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    Watch: Multi-million pound slug research project features on BBC News

    Posted 8 December 2023

    Professor Keith Walters is interviewed by Dr David Gregory-Kumar

    The work of a multi-million pound research project into new approaches to slug management has been featured on BBC news.

    Strategies Leading to Improved Management and Enhanced Resilience Against Slugs (SLIMERS) is a three-year £2.6m research project involving more than 100 UK farms and six industry partners, funded by Defra’s Farming Innovation Programme which is delivered by Innovate UK.

    It is the UK’s biggest ever farmer-led slug-monitoring project - and the culmination of a series of experiments conducted by Harper Adams University over the past eight years. It will determine if patch location forecasting is possible and if it could help reduce the industry’s reliance on slug pellets, in an economically viable way.

    The work has drawn the attention of BBC correspondent Dr David Gregory-Kumar, who spoke to Professor Keith Walters, Professor of Invertebrate Biology and Integrated Pest Management at Harper Adams University, about how quirks in slug behaviour mean that the patches they make can be predicted.

    He told David: “Slugs, when they meet each other, make some significant changes in their behaviour.

    “So, for example, they will slow down: and very importantly, they increase the number of times that they turn. That tends to start keeping them in the same area.”

    Speaking afterwards, Professor Walters added: “During these meetings, slugs will also increase the frequency of periods of inactivity and the change in the number of times they turn will reduce their tendency to travel in a straight line.

    “Interestingly they also develop a bias in the direction of their turns - with some turning left more than right, and vice versa for others.”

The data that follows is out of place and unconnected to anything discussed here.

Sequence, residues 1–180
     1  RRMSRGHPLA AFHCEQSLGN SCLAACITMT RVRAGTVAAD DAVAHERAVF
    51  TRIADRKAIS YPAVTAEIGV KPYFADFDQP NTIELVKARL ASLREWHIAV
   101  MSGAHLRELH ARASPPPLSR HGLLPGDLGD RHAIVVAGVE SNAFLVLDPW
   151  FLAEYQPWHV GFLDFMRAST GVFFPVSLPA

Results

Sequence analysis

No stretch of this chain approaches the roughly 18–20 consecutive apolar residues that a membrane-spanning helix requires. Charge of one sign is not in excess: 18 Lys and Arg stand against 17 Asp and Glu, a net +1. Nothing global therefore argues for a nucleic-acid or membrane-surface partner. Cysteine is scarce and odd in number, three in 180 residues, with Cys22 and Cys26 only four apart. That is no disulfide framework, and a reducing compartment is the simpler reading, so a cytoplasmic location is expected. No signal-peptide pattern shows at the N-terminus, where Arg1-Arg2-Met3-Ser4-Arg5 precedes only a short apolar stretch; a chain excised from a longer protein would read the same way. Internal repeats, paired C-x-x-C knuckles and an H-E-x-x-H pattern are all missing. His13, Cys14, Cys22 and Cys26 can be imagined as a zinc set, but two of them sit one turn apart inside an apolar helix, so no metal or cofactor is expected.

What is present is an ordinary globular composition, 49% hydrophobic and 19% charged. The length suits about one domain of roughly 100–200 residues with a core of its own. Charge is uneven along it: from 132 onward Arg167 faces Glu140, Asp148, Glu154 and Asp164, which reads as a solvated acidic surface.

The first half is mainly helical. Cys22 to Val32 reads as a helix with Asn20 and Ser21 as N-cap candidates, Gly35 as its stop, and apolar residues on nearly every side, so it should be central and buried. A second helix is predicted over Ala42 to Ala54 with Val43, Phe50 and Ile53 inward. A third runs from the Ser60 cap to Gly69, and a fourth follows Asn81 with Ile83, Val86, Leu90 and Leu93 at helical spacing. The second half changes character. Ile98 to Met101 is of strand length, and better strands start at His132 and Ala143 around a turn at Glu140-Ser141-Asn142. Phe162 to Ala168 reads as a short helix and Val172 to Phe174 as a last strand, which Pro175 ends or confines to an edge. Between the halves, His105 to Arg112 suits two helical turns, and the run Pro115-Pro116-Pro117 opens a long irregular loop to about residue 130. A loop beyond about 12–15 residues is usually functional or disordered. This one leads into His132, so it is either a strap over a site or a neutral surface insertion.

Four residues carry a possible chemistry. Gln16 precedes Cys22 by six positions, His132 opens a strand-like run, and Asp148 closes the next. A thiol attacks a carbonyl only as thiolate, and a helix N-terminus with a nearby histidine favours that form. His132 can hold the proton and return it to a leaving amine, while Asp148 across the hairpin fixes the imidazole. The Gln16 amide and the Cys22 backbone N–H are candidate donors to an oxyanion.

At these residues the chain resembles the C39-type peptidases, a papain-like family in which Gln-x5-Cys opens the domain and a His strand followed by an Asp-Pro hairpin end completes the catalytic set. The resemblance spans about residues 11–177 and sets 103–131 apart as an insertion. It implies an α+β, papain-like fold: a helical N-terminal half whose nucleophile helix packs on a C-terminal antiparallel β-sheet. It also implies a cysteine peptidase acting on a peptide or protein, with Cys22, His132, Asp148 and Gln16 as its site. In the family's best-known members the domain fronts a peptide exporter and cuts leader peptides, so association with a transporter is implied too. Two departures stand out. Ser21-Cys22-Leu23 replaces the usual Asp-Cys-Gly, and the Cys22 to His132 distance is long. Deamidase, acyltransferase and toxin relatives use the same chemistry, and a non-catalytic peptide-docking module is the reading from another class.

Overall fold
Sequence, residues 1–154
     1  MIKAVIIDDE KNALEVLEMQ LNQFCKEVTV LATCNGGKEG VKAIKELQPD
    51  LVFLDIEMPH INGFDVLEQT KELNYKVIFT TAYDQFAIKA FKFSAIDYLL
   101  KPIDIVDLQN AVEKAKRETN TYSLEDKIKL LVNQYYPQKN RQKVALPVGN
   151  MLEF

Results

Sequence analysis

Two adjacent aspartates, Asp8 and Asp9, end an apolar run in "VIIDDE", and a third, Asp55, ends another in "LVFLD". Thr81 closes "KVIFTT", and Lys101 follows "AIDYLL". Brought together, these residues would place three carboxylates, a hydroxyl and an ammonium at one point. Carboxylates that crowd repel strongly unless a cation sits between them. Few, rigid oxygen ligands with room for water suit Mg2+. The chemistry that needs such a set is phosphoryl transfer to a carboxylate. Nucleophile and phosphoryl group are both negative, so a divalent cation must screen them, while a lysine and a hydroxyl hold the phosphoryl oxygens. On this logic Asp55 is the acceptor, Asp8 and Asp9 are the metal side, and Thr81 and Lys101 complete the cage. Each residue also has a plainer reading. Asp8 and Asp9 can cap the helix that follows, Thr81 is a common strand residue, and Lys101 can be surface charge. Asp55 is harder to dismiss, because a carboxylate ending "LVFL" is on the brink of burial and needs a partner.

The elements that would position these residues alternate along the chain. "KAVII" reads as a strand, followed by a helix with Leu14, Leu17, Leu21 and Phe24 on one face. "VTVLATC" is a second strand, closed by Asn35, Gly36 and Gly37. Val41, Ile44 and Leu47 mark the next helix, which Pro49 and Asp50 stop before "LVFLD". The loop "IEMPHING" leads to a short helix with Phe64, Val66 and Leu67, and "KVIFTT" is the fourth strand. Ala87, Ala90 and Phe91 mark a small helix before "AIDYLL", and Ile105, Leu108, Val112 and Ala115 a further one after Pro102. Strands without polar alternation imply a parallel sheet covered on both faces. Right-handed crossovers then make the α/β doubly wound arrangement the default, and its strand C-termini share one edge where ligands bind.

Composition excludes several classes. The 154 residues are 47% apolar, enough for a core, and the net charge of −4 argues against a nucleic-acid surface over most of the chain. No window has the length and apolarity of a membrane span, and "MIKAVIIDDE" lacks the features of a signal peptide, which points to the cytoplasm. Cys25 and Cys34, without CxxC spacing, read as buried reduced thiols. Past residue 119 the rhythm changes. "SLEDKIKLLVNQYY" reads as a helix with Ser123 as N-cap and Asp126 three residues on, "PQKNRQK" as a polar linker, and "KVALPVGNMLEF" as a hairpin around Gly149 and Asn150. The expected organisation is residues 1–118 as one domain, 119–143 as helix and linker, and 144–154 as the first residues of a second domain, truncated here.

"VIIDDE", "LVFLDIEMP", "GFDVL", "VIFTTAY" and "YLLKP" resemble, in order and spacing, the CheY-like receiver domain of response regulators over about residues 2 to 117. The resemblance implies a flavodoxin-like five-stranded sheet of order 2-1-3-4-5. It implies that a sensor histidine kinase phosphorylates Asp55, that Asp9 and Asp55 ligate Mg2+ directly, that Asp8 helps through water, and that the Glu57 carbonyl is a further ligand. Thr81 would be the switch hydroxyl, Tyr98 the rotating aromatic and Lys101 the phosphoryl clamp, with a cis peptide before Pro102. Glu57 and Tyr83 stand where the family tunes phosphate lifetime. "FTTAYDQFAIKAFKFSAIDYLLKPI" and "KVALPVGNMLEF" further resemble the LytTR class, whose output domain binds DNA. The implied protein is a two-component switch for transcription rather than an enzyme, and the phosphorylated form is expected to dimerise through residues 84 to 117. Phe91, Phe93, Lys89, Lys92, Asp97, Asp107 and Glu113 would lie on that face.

The work of Professor Walters and his team has shown that these changes result in the development of patches with higher slug densities in the arable fields. If done in the right way targeting slug pellet application at these patches only, leaving the rest of the field untreated results in commercially viable slug management with lower pesticide inputs, thus lower costs and lower environmental impact. It may also contribute to making the use of alternative control agents such as nematode bio-control agents more economically viable.

    To complete the development of this new approach to sustainable slug control, the Harper Adams team are now focused on accurately forecasting where these slug patches will form working alongside pellet manufacturers to ensure that they can be readily targeted whilst retaining commercial viability.

    Drawing on this knowledge, the SLIMERS are working with farmers and gardeners across the country – building up a survey of slug behaviour which draws upon this data to help build a clearer picture of exactly what slugs are doing – and where.

    Watch the BBC piece below and read more about the research at this link:

    (Thanks to David Gregory-Kumar and the BBC for use of this piece)

    The team behind the SLIMERS project have recruited 30 ‘Slug Sleuths’ – a group of farmers determined to overcome their slug burdens – who will be selected and paid to host trials on their own farm.

    These farmers will test the developing technology and novel patch location forecasting to help researchers learn more about slug behaviour in a bid to create a long-term solution.

    After this work is completed, robots will move in, bringing infield cutting-edge slug identification and spot-treatment technology for a type of biocontrol agent  - a nematode - building on the SlugBot project which was carried out by Small Robot Company and Crop Health & Protection (CHAP), funded by Innovate UK. The Slug Sleuths will work side-by-side with the autonomous bots to improve the AI models and advance pellet-free biological solutions.

    While this technology will be tested infield by farmers, it will be supported and refined in laboratories, guided by leading scientists, and will include slug patch location forecasting and autonomous solutions for precision control.

    Keen to expand the knowledge exchange beyond the core group of farmers, the project has also launched the Slug Circle – a platform and knowledge exchange hub designed to facilitate discussion, idea sharing and tips for best practice when it comes to slug burdens and controlling them.

    The hub is helmed by project lead Tom Allen-Stevens of the British On-Farm Innovation Network (BOFIN).

    He added: “Knowledge has value, and farmer-led knowledge is among the most valuable there is.

    “It is ludicrous that farmers rely entirely on just one form of control for slugs – ferric phosphate pellets – when our knowledge, combined with the latest science, has so many other solutions that could come into play.”

    The project team are urging farmers interested in being involved – or those who simply interested in alternative, precision techniques for control – to sign up now.

    More information about the project, including links to project partners and research initiatives that underpin the project can be found at

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